This includes 745 million for USAID to prepare for, prevent, detect, and respond to future infectious disease threats.

The global challenges I’ve outlined here continue to disproportionately impact women and girls, especially in crisis and conflict settings, including limiting their access to educational, economic, and leadership opportunities.

The budget will support implementation of the National Strategy for Gender Equity and Equality through our historic request of 3.1 billion for State and the USAID to uplift the role of women and girls in all of their diversity.

Specifically, the request includes 200 million for the Gender Equity and Equality Action Fund to advance women’s economic security.

In addition to providing USAID with critical programmatic resources, the budget recognizes that in order to continue to advance critical foreign policy priorities and ensure accountability of U.S. taxpayer dollars, the agency must be fit for purpose.

In light of this, we’re requesting 2.3 billion for USAID to build a responsive and resilient workforce and strengthen its operations globally. These funds will position us to increase the size and diversity of the permanent career workforce by 230 positions, provide flexibility to hire non-career, direct-hire staff for our crisis response, and address shortages in key technical and operational functions.

In sum, the FY24 Budget Request demonstrates American values and identifies priorities that will strengthen the national security through investments in development and humanitarian assistance.

Thank you for your interest and happy to take questions.

MR PRICE: Excellent. Thank you both. We’ll take questions. Matt.

QUESTION: Yeah. So I guess, Deputy Secretary, this is for you. And I realize this is kind of the drop in a bucket of $63 billion budget request, but I’m curious about the 150 million you’re asking for to – for UNESCO. Because although there had been talk about rejoining, it had never been official. This seems to me – maybe I’m wrong, but this is the first time that you guys have sought money to pay these arrears. And I’m just wondering, how serious are you about this, because apart from the broader question of how – what a lot of people think is that the entire federal budget is DOA on the Hill anyway, but how serious are – is the State Department about wanting to rejoin UNESCO? And how will you overcome the legal challenges – the legal hurdle to do it?

UNDER SECRETARY BASS: Well, thanks, Matt. I’d say a couple of things. First of all, we appreciate the waiver authority we received in the omnibus for this fiscal year that gives us a path to begin the process of rejoining UNESCO, should we elect to do so an administration. We’re currently considering carefully those options. I would also say, if we do rejoin – if we do choose to rejoin – it will help address a critical gap in our global leadership toolkit and capacity, and it will also help us address a key opportunity cost that our absence is creating in our global competition with China. I think a lot of the focus on UNESCO overlooks the extent to which that entity is an essential element of setting and shaping standards for, among other things, STEM education around the world.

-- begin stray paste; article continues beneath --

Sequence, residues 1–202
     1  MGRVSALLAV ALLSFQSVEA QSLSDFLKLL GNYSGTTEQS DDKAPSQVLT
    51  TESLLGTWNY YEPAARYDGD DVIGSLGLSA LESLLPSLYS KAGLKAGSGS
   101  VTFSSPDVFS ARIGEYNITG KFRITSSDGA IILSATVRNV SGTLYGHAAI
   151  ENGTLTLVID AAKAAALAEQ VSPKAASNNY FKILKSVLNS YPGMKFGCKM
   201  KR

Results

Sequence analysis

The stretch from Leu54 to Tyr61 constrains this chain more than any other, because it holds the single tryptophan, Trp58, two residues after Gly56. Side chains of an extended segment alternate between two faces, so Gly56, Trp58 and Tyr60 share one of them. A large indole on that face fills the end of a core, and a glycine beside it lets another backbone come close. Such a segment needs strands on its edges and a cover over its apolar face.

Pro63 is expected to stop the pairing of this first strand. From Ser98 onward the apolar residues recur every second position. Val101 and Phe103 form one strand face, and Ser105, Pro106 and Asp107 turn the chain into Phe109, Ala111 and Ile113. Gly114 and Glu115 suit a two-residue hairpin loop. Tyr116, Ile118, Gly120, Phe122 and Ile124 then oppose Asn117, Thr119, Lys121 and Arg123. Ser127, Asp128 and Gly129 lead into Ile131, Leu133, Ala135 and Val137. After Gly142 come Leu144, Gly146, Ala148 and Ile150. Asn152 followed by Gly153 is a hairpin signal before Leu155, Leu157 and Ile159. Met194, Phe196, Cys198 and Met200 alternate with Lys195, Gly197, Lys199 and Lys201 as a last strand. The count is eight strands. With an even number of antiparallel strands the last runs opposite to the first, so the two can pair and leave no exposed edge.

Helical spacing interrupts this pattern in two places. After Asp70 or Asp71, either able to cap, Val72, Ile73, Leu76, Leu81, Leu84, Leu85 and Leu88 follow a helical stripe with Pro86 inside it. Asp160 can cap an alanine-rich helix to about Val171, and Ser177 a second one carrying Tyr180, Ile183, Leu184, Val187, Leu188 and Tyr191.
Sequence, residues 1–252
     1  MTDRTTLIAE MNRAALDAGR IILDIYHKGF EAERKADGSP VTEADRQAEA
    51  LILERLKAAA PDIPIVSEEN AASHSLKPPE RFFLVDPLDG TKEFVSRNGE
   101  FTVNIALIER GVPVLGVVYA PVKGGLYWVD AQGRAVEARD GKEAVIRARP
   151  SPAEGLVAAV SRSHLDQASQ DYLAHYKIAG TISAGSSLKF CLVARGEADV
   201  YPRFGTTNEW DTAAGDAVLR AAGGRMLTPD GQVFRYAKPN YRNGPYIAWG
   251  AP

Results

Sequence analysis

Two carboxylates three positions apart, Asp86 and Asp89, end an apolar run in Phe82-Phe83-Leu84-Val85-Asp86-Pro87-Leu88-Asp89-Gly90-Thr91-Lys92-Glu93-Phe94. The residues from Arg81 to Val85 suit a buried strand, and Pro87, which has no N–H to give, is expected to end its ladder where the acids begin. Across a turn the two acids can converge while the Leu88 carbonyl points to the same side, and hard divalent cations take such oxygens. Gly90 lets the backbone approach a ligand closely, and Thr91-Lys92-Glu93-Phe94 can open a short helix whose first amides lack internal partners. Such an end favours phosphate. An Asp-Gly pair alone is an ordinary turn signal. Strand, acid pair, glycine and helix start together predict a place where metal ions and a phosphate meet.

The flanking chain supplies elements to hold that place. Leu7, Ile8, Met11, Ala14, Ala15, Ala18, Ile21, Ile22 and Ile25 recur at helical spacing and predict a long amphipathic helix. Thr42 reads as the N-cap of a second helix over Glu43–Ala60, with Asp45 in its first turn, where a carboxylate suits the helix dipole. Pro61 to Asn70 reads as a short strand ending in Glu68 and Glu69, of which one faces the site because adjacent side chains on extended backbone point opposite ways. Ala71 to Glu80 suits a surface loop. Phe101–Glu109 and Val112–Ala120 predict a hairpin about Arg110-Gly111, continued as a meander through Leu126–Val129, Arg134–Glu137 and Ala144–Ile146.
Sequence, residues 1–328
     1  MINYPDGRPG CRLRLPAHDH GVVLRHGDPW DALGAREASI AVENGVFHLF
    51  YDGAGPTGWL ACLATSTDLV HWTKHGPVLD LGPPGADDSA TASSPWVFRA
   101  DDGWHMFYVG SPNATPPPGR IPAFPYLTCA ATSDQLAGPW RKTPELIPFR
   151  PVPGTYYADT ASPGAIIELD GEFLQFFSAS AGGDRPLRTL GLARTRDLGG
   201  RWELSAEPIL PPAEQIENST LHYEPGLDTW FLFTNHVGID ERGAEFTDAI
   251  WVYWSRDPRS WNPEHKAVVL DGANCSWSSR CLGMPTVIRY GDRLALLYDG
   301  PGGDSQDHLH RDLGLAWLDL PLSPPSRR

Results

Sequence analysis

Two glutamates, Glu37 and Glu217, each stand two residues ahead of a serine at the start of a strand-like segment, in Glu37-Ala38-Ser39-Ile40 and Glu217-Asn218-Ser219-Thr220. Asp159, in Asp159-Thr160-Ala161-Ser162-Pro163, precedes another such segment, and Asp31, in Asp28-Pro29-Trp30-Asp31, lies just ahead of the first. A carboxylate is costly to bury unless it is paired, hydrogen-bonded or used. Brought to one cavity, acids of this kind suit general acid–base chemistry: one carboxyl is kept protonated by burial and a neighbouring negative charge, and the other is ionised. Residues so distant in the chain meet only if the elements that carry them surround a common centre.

So if we’re really serious about the digital-age competition with China, from my perspective, in a clear-eyed set of interests, we can’t afford to be absent any longer from one of the key fora in which standards around education for science and technology are set. And there are a number of other examples in that space of UNESCO’s mission where our absence is noticed and where it undercuts our ability to be as effective in promoting our vision of a free world.

MR PRICE: Andrea.


QUESTION: Under Secretary Bass, how will this – beyond Enduring Welcome, how will this help address the problems of repatriating more Afghan SIVs and others, and some who are caught in third countries? If you could give us some detail as to what the commitment in this budget is compared to last year’s.

UNDER SECRETARY BASS: Sure. So in specific budget terms, you will not see new money in the State Department’s budget. That’s because we assess that the resources that we are receiving through a transfer from DOD and the OHDACA account gives us enough to work with for the current fiscal year and for Fiscal Year 24 to sustain a robust effort to continue to relocate Afghans who wish to leave Afghanistan to the United States or other third countries. In addition to that financial piece, we have a set of positions, a set of people in the department and at a number of locations overseas who are continuing to work full-time on this vexing challenge.

I have to say, in 35 years in this business, this is one of the most complicated, challenging problems to deal with, and it is going to continue to take a really sustained focus, which Secretary Blinken, myself, and many colleagues across this department are absolutely committed to.

QUESTION: I mean, you know this better than anyone, having been on the ground, so you’re in a unique position to assess. The criticisms at the hearing yesterday were pretty direct. I mean, could we just ask how you feel the State Department is addressing this? Because a lot of us are still getting appeals from people, including some who’ve come here and just can’t get jobs.

UNDER SECRETARY BASS: So I’d say a couple of things. Like many, I was moved by the testimony yesterday of people across this country representing people across this country who care deeply about Afghans and Afghanistan. And that’s a reflection of the breadth and depth of a 20-year commitment, of which thousands of my colleagues here in the department were also a part.